Magic Module Methods?

Tim Peters tim.one at home.com
Sun Oct 21 07:45:46 CEST 2001


[Magnus Lie Hetland]
> OK - bad example (and terse explanation). The situation was this: I was
> using a module as a config file, and at the same time as an object
> containing defaults at some other point in the program (available for
> users of the library).

So you were pointing a gun at your foot, and just deciding which toe to blow
off <wink>.  Why not write a little ConfigFile class and supply methods and
attributes in an obvious way?  Better, exploit the ConfigParser module in
the std library, and get a powerful config file facility for free.

> Therefore, the defaults should be accessible from the module,
> but the people writing the config file might not want to set absolutely
> all the values...

IOW, a module is a poor implementation of what you want.  You ask why Python
doesn't add stuff to modules so they do what you want here directly.  I ask
why you don't use classes instead, which have always supported what you want
here.

> I could of course do an update() on the module __dict__,
> and that might be clearer, but possibly not near-infinitely? ;)

Long ago Guido challenged c.l.py to just *try* writing Python without
abusing __dict__ (and the other __xxx__ implementation details).  It was
excellent advice then, and still is.  What would you do if Python didn't
allow playing any dynamic tricks with module namespaces?  Answering that
should lead to a cleaner solution.

> ...
> Well, I wasn't saying that modules should act like lists or integers or
> any other specific class of objects -- simply like objects in general.
> (Everything is supposed to be an object now, right?)

Everything has always been an object, but not everything is of the same
type, and different types support different operations.  Indeed, that's why
there *are* different types:  different behaviors for different intended
uses.  Complex numbers and strings also have attributes, but if you want to
define __getattr__ for one of those, same thing applies:  you'll have to
wait for 2.2 and subclass.  Supporting __getattr__ makes no sense for the
intended uses of the builtin strings and complexes.

Modules are intended to be used as the unit of separate compilation in
Python, and are intended to supply a stable, static, documented interface.
Since modules are intended to have a static (fixed) namespace after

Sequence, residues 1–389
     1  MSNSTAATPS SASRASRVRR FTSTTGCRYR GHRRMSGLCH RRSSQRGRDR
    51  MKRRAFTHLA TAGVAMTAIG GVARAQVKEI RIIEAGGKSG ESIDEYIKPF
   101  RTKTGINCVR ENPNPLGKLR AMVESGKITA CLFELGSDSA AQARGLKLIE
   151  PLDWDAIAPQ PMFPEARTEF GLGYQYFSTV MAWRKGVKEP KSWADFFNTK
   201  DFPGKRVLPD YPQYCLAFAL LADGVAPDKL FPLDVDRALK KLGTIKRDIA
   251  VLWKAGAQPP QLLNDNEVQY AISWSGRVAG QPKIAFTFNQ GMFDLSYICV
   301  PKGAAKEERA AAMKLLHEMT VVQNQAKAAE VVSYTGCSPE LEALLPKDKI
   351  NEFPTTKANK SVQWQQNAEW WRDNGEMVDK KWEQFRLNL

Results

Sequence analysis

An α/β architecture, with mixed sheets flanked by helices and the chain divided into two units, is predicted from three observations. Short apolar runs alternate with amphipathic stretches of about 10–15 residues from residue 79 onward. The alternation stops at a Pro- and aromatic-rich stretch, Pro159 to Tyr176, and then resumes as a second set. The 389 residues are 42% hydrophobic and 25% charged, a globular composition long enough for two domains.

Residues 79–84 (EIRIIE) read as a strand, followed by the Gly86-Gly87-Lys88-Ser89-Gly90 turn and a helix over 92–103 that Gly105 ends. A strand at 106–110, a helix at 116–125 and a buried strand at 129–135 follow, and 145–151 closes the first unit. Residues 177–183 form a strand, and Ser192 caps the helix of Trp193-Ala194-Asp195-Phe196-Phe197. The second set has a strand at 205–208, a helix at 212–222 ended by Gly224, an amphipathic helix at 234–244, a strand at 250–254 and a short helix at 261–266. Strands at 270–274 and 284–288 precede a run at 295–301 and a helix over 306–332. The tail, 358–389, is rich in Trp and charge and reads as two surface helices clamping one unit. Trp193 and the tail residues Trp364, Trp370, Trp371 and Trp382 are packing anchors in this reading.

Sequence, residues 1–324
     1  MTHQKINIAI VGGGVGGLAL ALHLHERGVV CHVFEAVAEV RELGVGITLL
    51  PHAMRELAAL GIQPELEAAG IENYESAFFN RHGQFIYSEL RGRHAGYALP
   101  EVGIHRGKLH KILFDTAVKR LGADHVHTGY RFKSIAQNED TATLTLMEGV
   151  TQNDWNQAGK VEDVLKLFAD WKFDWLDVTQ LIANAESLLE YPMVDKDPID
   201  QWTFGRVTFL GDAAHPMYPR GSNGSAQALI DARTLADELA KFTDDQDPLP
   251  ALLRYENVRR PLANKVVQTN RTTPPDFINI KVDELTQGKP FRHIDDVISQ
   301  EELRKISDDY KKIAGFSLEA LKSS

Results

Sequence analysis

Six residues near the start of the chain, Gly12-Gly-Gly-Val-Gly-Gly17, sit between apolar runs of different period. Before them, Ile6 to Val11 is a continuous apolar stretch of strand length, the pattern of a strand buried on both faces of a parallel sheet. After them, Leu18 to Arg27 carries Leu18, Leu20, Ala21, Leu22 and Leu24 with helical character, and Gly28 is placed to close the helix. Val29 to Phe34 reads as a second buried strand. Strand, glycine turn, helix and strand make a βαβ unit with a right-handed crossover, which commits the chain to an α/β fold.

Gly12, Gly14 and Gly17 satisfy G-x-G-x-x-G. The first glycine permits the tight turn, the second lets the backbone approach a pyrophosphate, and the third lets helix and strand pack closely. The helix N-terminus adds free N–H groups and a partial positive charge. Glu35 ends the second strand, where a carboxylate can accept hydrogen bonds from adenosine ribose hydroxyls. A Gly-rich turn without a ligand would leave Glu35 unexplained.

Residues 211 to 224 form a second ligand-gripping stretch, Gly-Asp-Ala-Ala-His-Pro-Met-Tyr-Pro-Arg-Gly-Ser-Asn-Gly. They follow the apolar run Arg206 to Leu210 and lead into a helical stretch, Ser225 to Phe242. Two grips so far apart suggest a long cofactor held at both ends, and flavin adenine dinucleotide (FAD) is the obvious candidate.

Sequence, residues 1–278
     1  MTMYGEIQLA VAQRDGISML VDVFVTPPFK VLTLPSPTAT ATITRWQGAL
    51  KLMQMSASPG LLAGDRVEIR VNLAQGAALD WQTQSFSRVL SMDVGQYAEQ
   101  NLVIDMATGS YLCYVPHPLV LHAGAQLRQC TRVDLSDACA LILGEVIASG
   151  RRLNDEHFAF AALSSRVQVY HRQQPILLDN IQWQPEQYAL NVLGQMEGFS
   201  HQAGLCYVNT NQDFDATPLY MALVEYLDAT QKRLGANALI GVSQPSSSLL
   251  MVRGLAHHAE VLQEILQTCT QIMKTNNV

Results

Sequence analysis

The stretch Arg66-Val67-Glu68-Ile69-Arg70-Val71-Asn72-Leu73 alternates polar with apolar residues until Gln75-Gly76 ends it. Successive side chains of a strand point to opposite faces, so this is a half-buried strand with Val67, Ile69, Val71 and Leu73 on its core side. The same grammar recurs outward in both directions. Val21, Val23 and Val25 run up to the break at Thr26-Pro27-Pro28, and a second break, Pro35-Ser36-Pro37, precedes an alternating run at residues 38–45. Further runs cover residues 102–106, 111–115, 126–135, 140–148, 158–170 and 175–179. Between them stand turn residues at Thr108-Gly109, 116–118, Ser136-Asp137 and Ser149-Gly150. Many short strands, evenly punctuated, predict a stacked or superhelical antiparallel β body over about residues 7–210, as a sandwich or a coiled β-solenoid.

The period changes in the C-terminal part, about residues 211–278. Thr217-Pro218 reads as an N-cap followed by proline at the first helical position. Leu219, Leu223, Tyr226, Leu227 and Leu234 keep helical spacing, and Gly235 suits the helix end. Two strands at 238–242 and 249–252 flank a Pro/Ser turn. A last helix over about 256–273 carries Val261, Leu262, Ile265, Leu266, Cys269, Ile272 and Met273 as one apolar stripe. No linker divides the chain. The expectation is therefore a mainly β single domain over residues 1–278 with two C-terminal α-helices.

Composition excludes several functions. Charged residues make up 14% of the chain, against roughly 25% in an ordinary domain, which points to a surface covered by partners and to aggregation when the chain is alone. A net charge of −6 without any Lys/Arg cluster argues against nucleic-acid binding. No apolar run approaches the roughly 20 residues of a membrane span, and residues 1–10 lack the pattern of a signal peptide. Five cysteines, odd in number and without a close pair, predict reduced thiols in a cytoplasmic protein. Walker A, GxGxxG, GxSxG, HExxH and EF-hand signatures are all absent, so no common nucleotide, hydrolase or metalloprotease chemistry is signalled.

initialization is complete, __getattr__ on modules doesn't make sense for
their intended uses either; that's why it isn't supported.

>> you-can-subclass-the-module-type-in-2.2-but-hoping-you-don't-ly
>>     y'rs  - tim

> Subclassing the module type wouldn't be of much help here, would it?

Using any flavor of module for this purpose seems wrong-headed to me, but if
you want a module-like object that supports getattr, you *can* build one in
2.2, and stuff it into sys.modules like any other module.  That wouldn't
seem like "a help" to me even if you persisted until it worked <wink>, but
you'll have to judge that for yourself.

> ...
> I still couldn't get the object-like behaviour directly from the
> module.

I think you mean class-instance-like behavior, and that's right if so:
class instances are intended to be used for class-instance-like behavior.
Everything in Python has object-like behavior (which doesn't amount to much
more than responding to id() and almost always str() and repr()).
Subclassing of builtin types in 2.2 *allows* to add bonzo behaviors to
builtin-like objects, but you have to add the ones you want one at a time.
There are some cool uses for this, but likely more bad ones.

> (And no, I probably won't subclass it anyway.)

Oh, live a little <wink>.

> I don't really see what's wrong with the idea (of magic functions in a
> module), but I'll accept "Tim doesn't like it" as a valid reason. :)

If only life were that easy.  "Tim doesn't approve of terrorism."  WHOA!
Unless I'm badly mistaken, the world is now a safer place <wink>.

cheers-from-the-anthrax-capital-of-the-world-ly y'rs  - tim





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